Consider the following analogy: imagine, if you will, that the Pentagon adopted a performance based funding model for military units using various standards such as cost of operations, causalities, how well the units got along with the locals and so on. Now imagine that the special challenges of the units were not properly considered so that, for example, a unit operating in the deserts of Iraq fighting ISIS was assessed the same way as a unit stationed in Kentucky. As might be imagined, the unit in Iraq would certainly be assessed as performing worse than the unit stationed in Kentucky. The unit in Kentucky would presumably cost less per person, have far fewer causalities, and get along much better with the locals. As such, the unit fighting ISIS would find itself in funding trouble since its performance would seem rather worse than the unit in Kentucky. Of course, this approach would be irrational and unfair—the unit fighting ISIS might be performing extremely well relative to the challenges it faces. The same, it would seem, should hold for schools. Turning back to performance based funding, I will consider the relevant standards and how they are unfair to my school, Florida A&M University.

Florida A&M University is an HBCU (Historically Black Colleges and Universities) and is still predominantly African-American. The school also prides itself on providing educational opportunities to students who have been denied such opportunities as well as those who are first generation college students. Put roughly, we have many African-American students and a large number of students who are burdened with economic and educational baggage.

As I have mentioned in a previous essay, FAMU fared poorly under the state’s standards. To be fair, we honestly did do poorly in regards to the state’s standards. However, there are the important questions as to whether the standards are fair and whether or not the assessment of our performance is accurate.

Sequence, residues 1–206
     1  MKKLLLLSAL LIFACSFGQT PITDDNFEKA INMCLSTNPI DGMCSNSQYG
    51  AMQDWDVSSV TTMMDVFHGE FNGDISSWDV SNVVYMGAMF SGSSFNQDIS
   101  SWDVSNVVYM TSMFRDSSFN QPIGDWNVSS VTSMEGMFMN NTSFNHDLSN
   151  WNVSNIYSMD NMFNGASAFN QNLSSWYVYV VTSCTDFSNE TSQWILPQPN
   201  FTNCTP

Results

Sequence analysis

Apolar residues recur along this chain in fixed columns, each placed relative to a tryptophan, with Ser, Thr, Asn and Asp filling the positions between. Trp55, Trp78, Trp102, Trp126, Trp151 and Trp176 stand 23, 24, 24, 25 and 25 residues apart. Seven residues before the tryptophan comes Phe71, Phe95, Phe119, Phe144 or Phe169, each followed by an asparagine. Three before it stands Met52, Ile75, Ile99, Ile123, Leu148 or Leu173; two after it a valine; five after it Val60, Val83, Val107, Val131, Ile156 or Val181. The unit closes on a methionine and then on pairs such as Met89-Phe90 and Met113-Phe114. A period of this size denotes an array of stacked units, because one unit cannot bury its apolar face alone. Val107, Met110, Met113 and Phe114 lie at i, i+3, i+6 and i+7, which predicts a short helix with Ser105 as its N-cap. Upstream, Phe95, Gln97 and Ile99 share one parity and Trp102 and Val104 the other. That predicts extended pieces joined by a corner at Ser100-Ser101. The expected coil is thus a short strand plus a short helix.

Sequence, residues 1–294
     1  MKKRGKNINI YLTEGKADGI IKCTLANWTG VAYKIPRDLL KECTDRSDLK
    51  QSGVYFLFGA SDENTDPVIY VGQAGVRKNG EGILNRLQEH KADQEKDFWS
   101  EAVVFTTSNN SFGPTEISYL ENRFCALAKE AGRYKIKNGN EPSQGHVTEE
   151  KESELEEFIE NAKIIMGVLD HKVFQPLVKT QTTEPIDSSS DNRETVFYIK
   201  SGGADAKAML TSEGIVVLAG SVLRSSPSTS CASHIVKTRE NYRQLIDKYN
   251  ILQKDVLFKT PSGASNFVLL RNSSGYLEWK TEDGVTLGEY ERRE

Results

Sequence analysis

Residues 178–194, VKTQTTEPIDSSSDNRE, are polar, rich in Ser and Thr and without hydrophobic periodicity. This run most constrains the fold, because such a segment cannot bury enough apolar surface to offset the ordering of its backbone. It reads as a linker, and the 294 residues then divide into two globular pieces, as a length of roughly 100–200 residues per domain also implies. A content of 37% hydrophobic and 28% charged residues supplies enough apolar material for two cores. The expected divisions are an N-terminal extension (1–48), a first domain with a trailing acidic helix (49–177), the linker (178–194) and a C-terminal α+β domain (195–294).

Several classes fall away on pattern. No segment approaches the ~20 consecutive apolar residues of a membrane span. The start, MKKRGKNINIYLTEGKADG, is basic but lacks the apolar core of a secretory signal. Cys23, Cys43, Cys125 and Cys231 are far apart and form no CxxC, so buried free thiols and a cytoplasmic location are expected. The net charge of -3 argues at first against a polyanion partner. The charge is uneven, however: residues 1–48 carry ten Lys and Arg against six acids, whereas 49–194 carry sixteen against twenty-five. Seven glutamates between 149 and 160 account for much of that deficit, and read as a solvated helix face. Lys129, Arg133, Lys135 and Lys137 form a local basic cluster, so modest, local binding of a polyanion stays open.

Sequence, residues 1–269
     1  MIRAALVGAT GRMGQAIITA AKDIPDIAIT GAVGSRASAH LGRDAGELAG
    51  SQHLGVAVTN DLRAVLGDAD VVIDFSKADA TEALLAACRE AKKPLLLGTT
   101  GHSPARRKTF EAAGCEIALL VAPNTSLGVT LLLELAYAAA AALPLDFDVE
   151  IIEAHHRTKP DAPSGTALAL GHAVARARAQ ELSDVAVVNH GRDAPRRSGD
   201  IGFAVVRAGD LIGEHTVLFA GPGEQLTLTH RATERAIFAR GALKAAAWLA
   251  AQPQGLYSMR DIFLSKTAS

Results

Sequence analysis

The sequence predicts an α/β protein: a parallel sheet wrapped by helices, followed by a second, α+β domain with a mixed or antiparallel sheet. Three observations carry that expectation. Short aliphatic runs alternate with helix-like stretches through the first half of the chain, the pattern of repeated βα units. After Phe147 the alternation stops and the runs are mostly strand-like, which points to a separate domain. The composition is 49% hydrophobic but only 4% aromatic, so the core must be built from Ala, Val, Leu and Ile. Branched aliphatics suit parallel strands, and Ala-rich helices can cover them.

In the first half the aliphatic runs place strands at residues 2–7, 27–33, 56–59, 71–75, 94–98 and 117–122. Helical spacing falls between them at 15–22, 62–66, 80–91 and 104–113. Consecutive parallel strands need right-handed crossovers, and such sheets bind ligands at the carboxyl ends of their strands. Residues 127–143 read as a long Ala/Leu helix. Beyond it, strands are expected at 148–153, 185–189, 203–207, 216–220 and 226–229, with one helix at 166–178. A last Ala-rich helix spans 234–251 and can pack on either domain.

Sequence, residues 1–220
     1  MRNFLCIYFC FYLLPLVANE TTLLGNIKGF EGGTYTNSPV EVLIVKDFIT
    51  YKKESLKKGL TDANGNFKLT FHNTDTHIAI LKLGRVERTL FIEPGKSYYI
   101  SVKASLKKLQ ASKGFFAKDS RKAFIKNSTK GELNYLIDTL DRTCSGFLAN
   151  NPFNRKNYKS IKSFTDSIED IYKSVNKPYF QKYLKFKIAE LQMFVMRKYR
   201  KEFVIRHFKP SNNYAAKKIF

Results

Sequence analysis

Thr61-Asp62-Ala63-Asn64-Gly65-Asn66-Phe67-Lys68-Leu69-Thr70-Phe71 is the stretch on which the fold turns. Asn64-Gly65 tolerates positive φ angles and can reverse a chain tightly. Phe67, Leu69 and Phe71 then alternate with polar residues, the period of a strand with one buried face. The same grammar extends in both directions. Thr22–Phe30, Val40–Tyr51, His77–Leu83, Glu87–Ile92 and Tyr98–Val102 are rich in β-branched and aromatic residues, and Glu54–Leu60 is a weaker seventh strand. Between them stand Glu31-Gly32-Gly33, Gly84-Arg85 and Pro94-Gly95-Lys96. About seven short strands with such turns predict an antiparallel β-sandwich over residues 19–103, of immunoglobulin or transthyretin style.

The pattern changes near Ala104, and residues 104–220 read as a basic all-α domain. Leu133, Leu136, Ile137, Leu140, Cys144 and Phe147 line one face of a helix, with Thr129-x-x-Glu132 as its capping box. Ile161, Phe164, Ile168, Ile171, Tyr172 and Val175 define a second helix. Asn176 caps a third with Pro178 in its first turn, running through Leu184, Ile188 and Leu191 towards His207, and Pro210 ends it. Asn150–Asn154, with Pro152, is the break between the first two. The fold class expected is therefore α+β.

On the one hand, the answer to both questions can be taken as “yes.” The standards apply to all the schools and the assessment was accurate in terms of the results. On the other hand, the answer is also “no”, since FAMU faces special challenges and the assessment fails to take these into account. To use a running analogy, the situation is like comparing the true 5K times of various runners. This is fair and accurate in that all runners are using their 5K times and the times are accurate. However, if some runners had to run hilly trails and others did their 5Ks on tracks, then the competition would not be fair. After all, a slower 5K on a hilly trail could be a much better performance than a 5K on a track.

To get directly to the point, my claim is that FAMU faces the special challenge of racism and the legacy of racism. This, I contend, means that FAMU is being assessed unfairly in terms of its performance: FAMU is running hills on a trail while other schools are enjoying a smoother run around the track. In support of this claim, I offer the following evidence.

One standard is the Percent of Bachelor’s Graduates Employed and/or Continuing their Education Further. A second is the Average Wages of Employed Baccalaureate.  The third is the Six Year Graduation Rate and the fourth is the Academic Progress Rate (2nd Year Retention with GPA Above 2.0). These four break down into two general areas. The first is economic success (employment and wages) and the second is academic success (staying in school and graduating). I will consider each general area.